NEW YORK Authorities arrested dozens of people Thursday in a sweeping Mafia takedown aimed at closing the book on decades-old gangland killings and other crimes and knocking out what's left of the once-mighty Gambino family.
A federal indictment in Brooklyn named 62 people, including the three highest-ranking members of the Gambino clan and the brother and nephew of the late John Gotti, the notorious boss who ran the family in its heyday. State prosecutors separately charged 26 others with running a gambling ring that took nearly $10 million in bets on professional and college sports.
The New York raids coincided with an Italian operation, code-named "Old Bridge" and centered on the Sicilian capital of Palermo, targeting Mafia figures who were strengthening contacts between mob groups in Italy and the United States.
Authorities said the investigations, though technically unconnected, signaled an international attempt to disrupt Sicilian ties to the Gambino family, which has been decimated by prosecutions since Gotti's fall.
The U.S. investigation ensnared whatever members of the Gambinos hierarchy were still at liberty and will bring "closure to crimes from the past," U.S. Attorney Benton Campbell said, including the slaying of a court officer, drug trafficking, robberies, extortion at a failed NASCAR track and other crimes dating to the 1970s.
The probe's scope shows the mob "still exists in the city and the state of New York," said New York Attorney General Andrew Cuomo. "We like to think that it's a vestige of the past. It's not."
Most of the suspects were in custody following a series of raids Thursday, including the reputed acting boss of the Gambino family, John "Jackie the Nose" D'Amico, who is accused of playing a lead role in a broad racketeering conspiracy.
Joseph Corozzo, accused of being a high-level Gambino adviser, pleaded not guilty to multiple racketeering counts including cocaine trafficking.
"He's never been involved in drugs," his attorney and son, Joseph Corozzo Jr., said outside court.
Among the 29 people arrested or sought in Italy were members of clans linked to Salvatore Lo Piccolo, the Sicilian Mafia boss arrested in November, Italian officials said.
"We have cut short a dangerous connection that would have been the basis for new illegal trafficking," Palermo Prosecutor Francesco Messineo said.
When Lo Piccolo was arrested, investigators warned that as part of his attempt to become the Cosa Nostra's next "boss of bosses," he had been working to mend ties with U.S.-Italian clans such as the Gambinos and the Inzerillos. Those relations were wrecked during Sicily's internal Mafia war of the 1980s.
Most of the U.S. charges allege crimes from the era when the Gambino family was run by Paul Castellano, who was murdered in 1985. Other charges involve drug dealing, credit fraud conspiracies and theft of union benefits within the past few years.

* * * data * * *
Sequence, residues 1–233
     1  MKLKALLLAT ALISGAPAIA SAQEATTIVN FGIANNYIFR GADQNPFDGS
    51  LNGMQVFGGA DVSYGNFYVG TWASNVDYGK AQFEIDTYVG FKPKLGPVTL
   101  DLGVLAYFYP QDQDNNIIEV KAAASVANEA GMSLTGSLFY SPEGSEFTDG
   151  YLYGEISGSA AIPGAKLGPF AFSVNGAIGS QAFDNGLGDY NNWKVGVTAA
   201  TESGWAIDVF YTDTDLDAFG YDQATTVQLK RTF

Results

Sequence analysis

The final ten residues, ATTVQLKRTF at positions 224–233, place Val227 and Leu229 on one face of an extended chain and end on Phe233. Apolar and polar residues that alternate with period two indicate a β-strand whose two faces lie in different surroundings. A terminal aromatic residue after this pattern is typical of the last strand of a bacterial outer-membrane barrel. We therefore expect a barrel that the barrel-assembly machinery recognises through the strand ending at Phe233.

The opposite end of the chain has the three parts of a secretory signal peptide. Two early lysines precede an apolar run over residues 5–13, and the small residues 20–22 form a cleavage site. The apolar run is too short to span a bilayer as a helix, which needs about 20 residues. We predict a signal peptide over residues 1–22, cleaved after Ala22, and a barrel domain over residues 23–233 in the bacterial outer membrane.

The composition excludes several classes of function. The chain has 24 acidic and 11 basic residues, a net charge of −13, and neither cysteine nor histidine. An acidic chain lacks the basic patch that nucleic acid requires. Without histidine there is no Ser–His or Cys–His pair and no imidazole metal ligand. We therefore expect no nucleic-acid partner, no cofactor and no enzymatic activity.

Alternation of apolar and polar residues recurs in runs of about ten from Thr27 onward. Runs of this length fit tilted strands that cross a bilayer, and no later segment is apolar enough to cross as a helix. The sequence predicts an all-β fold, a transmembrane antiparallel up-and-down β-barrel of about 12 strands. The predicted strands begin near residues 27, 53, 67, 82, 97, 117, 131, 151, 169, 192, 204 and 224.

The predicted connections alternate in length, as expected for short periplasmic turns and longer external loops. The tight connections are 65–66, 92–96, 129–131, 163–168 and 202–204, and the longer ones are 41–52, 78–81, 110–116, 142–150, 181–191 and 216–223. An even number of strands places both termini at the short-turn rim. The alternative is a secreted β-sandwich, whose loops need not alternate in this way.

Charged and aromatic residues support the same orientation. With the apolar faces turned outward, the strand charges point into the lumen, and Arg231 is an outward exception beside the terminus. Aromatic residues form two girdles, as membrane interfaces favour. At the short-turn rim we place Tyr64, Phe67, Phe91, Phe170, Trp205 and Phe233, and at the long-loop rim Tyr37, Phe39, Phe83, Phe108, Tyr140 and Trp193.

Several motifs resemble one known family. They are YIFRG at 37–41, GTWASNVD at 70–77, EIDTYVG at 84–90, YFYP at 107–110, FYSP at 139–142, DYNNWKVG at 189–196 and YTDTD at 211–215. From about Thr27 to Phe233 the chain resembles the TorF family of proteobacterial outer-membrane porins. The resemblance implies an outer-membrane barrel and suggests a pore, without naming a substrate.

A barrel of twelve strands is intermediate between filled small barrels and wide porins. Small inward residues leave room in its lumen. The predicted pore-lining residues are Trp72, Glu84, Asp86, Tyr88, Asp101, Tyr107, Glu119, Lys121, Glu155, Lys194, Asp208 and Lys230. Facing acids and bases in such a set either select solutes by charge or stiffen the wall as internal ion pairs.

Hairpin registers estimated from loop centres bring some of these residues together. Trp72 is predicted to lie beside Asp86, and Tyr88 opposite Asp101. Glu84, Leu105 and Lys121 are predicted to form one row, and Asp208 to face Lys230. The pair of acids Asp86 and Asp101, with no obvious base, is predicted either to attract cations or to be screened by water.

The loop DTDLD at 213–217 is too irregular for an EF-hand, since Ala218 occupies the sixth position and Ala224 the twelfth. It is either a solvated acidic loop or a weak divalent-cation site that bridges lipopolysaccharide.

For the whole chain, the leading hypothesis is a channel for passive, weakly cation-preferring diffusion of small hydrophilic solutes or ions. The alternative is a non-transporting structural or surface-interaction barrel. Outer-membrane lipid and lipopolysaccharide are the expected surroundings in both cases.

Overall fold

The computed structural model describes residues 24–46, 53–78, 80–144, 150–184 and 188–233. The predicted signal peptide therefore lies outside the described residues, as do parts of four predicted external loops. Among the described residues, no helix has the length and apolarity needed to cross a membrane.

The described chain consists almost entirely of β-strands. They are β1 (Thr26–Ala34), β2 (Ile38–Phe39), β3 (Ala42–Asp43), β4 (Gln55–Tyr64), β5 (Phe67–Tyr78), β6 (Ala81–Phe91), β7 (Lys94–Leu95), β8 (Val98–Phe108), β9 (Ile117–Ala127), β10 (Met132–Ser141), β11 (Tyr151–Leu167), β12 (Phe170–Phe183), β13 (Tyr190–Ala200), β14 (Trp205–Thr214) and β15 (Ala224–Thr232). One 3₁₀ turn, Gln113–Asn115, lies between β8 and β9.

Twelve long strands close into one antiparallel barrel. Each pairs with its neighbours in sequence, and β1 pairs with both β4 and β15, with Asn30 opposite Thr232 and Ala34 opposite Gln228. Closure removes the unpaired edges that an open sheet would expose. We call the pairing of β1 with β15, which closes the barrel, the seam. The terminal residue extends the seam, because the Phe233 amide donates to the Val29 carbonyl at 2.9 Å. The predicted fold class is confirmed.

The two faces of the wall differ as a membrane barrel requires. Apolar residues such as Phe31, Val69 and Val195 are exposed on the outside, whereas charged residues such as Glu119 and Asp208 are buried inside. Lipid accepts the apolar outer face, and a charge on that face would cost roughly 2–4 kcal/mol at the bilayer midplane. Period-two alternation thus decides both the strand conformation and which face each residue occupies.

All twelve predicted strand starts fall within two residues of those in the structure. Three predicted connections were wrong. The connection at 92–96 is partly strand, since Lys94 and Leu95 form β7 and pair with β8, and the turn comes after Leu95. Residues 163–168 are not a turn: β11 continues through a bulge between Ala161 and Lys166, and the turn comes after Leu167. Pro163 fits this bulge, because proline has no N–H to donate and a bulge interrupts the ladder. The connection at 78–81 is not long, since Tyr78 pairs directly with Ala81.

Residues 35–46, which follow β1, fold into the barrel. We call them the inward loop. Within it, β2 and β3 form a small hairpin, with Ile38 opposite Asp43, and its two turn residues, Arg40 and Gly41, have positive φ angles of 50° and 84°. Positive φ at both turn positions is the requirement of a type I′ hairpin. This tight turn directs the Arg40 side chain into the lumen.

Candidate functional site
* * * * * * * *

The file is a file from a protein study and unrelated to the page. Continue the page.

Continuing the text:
The federal indictment also alleges that Gambino associates extorted people in the construction industry, embezzled from labor unions and engaged in illegal loansharking and bookmaking.
Three of the seven murders alleged in the indictment involved victims who weren't criminals.
"It's a fallacy to think organized crime murders occur within the closed shop," said Mark Mershon, head of the FBI's New York office.
The federal grand jury accused Charles Carneglia, a reputed Gambino soldier, with involvement in five killings over three decades, including that of Albert Gelb, a state court officer who was gunned down in 1976. Carneglia was jailed without bail after pleading not guilty Thursday.
Prosecutors have long claimed that Gelb was assassinated in retaliation for making an off-duty arrest of Carneglia after he spotted him in a restaurant wearing a gun. Previous attempts to prosecute Gambino associates for the killing, including Carneglia's brother, ended in failure.
At the time, Gelb worked for then-judge Richard Brown, now the Queens district attorney.
Brown said Thursday that the Gambinos' sports book operation substituted "the traditional wire room and street corner bookie who penciled in wagers in a little black book with offshore based Internet Web sites and toll-free numbers through which they were able to manage numerous gambling accounts."
Many of the charges relate to the activities of a Staten Island cement business, whose owner was identified in the indictment only as "John Doe No. 4." Prosecutors allege that mob figures extorted the owner for money and jobs, and interfered with several of his business ventures, including the proposed NASCAR track on Staten Island.
In 2006, the cement business was forced to pay extortion to reputed mobsters to prepare the site for construction, prosecutors maintain. As part of the scheme, authorities contend, mobsters forced John Doe No. 4 to give $9,000 to two workers affiliated with the builder of the race track.
The project was abandoned before the track could be built.
New York's Gambino family has been the subject of a steady stream of government indictments and prosecutions since Gotti, the so-called "Dapper Don," was sentenced to life in prison in 1992. He died in 2002.
One acting boss after another has gone to prison, including John Gotti Jr., who was not named in this most recent indictment. A number of other top Gambino figures mentioned in the new indictment have served prison time in cases that dated to the era when the family was led by Gotti, with some released in just the past few years.